Perfect Sight Without Glasses D. Bates.

As we have seen, Gaussian optics—sometimes called paraxial optics—arises from the basic approximations sin φ =~ ϕ, tan φ =~ ϕ , and cos φ =~ 1. These approximations greatly simplify ray tracing and lens formulas, but they do restrict the angles the light rays make with the optical axis to rather small values of 20° or less.

B. Types of lenses

If the axial thickness of a lens is small compared with the radii of curvature of its surfaces, it can be treated as a thin lens. Ray-tracing techniques and lens formulas are relatively simple for thin lenses. If the thickness of a lens is not negligible compared with the radii of curvature of its faces, it must be treated as a thick lens. Ray-tracing techniques and lens-imaging formulas are more complicated for thick lenses, where computer programs are often developed to trace the rays through the lenses or make surface-by-surface calculations. In this basic introduction of geometrical optics, we shall deal with only thin lenses.

1. Converging and diverging thin lenses.

In Figure 3-21, we show the shapes of several common “thin” lenses. Even though a “thickness” is shown, the use of thin lenses assumes that the rays simply refract at the front and rear faces without a translation through the lens medium. The first three lenses are thicker in the middle than at the edges and are described as converging or positive lenses. They are converging because they cause parallel rays passing through them to bend toward one another. Such lenses give rise to positive focal lengths. The last three lenses are thinner in the middle than at the edges and are described as diverging or negative lenses. In contrast with converging lenses, they cause parallel rays passing through them to spread as they leave the lens. These lenses give rise to negative focal lengths. In Figure 3-21, names associated with the different shapes are noted.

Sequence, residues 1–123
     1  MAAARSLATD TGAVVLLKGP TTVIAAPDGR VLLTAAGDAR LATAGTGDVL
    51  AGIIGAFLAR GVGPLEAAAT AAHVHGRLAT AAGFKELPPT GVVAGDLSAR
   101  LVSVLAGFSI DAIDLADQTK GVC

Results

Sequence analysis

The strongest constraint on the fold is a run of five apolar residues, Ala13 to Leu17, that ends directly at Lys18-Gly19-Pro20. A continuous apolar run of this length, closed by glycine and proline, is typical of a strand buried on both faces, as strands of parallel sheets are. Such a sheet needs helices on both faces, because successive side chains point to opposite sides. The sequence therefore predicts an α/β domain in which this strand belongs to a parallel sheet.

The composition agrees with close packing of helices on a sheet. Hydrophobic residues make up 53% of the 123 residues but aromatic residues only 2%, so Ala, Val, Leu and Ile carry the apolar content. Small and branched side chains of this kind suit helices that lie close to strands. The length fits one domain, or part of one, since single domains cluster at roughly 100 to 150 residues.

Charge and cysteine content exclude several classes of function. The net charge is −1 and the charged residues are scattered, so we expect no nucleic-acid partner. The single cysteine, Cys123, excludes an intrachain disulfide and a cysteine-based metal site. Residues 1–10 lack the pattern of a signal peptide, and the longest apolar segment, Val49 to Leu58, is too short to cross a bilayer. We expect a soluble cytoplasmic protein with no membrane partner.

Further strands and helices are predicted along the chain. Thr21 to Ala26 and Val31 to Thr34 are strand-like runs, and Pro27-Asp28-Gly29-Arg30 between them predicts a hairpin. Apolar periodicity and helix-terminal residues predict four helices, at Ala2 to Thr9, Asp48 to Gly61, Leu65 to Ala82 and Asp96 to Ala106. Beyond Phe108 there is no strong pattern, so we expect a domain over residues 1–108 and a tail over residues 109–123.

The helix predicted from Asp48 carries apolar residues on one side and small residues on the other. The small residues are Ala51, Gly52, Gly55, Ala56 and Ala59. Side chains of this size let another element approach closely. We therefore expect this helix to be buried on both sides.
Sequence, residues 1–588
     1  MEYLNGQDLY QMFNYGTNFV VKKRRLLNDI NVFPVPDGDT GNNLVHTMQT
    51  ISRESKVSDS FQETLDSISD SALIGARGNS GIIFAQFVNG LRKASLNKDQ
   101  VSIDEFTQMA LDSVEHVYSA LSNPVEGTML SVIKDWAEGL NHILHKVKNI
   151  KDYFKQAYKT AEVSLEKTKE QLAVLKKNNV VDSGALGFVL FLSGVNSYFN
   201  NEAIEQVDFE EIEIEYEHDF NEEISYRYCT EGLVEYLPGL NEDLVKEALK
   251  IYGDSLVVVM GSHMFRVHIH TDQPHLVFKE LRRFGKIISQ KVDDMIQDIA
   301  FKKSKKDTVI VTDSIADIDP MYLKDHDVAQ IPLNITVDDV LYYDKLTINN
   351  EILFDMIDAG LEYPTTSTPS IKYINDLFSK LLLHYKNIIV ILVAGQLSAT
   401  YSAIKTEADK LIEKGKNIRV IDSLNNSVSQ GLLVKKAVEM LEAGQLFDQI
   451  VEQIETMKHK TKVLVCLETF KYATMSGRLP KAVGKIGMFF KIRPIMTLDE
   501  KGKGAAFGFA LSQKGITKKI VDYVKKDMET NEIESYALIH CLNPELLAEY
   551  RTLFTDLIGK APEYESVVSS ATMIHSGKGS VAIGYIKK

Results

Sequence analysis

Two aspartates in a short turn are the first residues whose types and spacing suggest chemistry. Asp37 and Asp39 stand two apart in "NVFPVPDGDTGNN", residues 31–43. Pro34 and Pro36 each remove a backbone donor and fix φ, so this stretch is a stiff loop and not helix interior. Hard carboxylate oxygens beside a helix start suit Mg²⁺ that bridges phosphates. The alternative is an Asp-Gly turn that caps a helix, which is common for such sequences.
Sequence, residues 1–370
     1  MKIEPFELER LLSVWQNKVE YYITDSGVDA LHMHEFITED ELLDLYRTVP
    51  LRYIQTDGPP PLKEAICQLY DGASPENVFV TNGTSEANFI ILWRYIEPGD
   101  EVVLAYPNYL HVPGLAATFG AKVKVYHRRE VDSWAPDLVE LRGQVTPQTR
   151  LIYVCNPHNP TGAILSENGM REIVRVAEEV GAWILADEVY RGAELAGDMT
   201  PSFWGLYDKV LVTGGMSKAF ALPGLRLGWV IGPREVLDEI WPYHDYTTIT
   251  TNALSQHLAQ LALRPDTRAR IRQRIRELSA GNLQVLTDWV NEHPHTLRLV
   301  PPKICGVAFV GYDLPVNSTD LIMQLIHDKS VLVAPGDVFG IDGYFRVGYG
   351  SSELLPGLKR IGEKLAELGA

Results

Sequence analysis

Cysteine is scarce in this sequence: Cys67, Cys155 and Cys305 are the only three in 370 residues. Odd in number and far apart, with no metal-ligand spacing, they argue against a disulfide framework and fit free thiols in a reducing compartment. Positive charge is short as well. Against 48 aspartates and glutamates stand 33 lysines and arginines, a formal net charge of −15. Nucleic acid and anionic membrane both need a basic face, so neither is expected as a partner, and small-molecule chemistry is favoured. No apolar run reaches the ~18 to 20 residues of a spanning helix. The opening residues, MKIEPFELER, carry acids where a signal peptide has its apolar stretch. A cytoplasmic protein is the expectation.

Focal points of thin lenses.

Just as for mirrors, the focal points of lenses are defined in terms of their effect on parallel light rays and plane wave fronts. Figure 3-22 shows parallel light rays and their associated plane wave fronts incident on a positive lens (Figure 3-22a) and a negative lens (Figure 3-22b). For the positive lens, refraction of the light brings it to focal point F (real image) to the right of the lens. For the negative lens, refraction of the light causes it to diverge as if it is coming from focal point F (virtual image) located to the left of the lens. Note how the plane wave fronts are changed to converging spherical wave fronts by the positive lens and to diverging spherical wave fronts by the negative lens. This occurs because light travels more slowly in the lens medium than in the surrounding air, so the thicker parts of the lens retard the light more than do the thinner parts.

Perfect Sight Without Glasses D. Bates.


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